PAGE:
I come finally to the vexing question of Freud’s biography and here I am prepared to abandon my parable. I am only certain that the men and women from many countries will not find anything of significance about Freud’s childhood and adolescence. That stumbling block to biographers, especially those who are psychoanalytically oriented, will remain. Some information about Freud’s parents may perhaps yet be found in Moravian and Viennese archives. As for Freud’s mature life, for reasons already given I doubt that very much of a sensational nature will be found in Series Z, though of course one cannot be sure. Once again, however, I feel that the really important issues extend beyond the archives.
“The other issue is so vital and so complex as to require a conference of its own. I have in mind the relation between biography and a person’s achievement. How much of the former do we need to know in order to understand the latter?[…] How much about Freud’s life must we know in order to interpret The Interpretation of Dreams? Or would our interpretation simply be different, with less ferreting for biographical links and more concentration on what he was trying to teach us? […]Ironically, it may have been Freud himself who first opened this Pandora’s Box, but let’s not hold this against him. Rather, let us ask must we really know whether Freud slept with Minna? Those who want to discover that he really did, are gripped by an unstated and faulty syllogism: a) Freud presented a public image of a devoted husband; b) Freud comitted incest with his sister-in-law; ergo Freud is not to be trusted, and so neither should his work… “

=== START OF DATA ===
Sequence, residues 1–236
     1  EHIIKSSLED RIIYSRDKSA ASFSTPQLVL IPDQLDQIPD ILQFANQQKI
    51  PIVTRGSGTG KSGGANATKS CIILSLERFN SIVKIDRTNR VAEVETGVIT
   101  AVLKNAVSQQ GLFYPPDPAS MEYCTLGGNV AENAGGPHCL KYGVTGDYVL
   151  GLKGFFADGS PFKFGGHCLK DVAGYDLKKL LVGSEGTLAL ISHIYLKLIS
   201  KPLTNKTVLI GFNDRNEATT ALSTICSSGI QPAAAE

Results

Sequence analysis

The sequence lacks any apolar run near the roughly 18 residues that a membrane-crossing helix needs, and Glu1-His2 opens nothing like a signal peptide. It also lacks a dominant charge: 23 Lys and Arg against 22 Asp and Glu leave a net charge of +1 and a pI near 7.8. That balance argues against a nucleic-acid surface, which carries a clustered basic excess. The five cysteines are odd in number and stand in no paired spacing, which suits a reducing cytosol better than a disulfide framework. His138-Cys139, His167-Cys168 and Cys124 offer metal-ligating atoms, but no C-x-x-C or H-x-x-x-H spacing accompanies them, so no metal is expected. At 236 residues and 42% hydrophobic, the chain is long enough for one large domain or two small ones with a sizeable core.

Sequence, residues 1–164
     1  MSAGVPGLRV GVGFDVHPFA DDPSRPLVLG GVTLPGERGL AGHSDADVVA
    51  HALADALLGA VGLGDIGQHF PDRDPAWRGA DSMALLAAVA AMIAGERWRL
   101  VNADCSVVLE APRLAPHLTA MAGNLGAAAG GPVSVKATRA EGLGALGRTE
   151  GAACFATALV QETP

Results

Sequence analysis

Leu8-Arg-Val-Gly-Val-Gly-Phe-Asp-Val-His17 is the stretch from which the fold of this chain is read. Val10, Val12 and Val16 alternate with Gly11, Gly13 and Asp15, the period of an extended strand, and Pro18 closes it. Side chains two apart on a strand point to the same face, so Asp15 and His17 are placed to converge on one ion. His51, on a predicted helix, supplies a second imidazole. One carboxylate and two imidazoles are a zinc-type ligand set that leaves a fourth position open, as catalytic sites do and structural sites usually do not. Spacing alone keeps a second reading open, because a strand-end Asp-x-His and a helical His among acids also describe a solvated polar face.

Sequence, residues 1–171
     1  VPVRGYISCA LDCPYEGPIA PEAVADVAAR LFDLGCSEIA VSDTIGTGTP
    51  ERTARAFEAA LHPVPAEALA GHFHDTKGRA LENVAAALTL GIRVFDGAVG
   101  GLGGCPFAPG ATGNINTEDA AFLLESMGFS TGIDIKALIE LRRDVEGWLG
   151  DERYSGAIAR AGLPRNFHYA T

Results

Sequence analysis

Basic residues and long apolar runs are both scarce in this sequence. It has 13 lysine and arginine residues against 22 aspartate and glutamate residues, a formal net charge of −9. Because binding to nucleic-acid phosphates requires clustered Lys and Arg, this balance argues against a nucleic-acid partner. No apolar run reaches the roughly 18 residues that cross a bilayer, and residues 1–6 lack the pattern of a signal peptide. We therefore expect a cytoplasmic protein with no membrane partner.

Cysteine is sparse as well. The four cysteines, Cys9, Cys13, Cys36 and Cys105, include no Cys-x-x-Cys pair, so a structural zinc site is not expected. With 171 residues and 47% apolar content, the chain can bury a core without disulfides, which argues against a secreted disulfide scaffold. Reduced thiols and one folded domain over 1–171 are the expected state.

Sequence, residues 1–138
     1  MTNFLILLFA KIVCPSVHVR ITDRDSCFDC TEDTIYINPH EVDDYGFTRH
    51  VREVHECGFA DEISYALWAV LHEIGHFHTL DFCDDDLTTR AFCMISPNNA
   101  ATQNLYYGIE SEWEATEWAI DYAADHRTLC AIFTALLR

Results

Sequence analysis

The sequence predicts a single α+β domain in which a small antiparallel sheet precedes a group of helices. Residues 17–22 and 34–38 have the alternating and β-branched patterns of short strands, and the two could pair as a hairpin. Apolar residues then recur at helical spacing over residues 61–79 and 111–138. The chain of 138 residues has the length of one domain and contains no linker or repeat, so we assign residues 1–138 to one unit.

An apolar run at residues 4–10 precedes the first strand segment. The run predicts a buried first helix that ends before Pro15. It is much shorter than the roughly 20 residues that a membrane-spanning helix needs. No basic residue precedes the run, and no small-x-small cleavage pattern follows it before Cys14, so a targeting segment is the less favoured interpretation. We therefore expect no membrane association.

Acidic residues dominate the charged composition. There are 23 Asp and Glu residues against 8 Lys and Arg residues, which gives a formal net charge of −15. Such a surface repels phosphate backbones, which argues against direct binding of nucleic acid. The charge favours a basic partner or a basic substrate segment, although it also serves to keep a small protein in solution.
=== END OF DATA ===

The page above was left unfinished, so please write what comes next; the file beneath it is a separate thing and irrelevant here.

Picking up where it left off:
“I ask your indulgence if I close on a personal, existential note. We live in a time when we are flooded with information in every field of endeavor, a deluge from which Freud scholarship is not exempt. It has has become a veritable industry over which it is difficult to maintain even bibliographical control. The amount of sheer information increases incessantly. I confess that I have reached an age when I am haunted by the question of when information becomes knowledge. What I have presented here is only a special instance of that larger Angst. I am perhaps not yet old enough to seek the further line where knowledge becomes wisdom.”
Contact � Maureen Flynn-Burhoe 2000 for comments, corrections and copyright concerns.
Filed in Concepts/Ideas, Cultural Studies, ethics, forgetting, memory, Memory Work, meta-ethics, My Reviews of Books, Philosophy, Political Philosophy, Social Justice, teaching learning and research, Technology. Mind and Consciousness, virtual, Writers and theorists
Tags: André Gide's journals, archives, archives' doorkeeper, de Profundis, dusty from lack of handling, forgetfulness, forgetting, Freud, human agency, ideal archives, information-knowledge-wisdom, Kafka, Kafka's diaries, la fureur de l'inédit, memory, psychoanalysis, Series Z, toward wisdom, vital data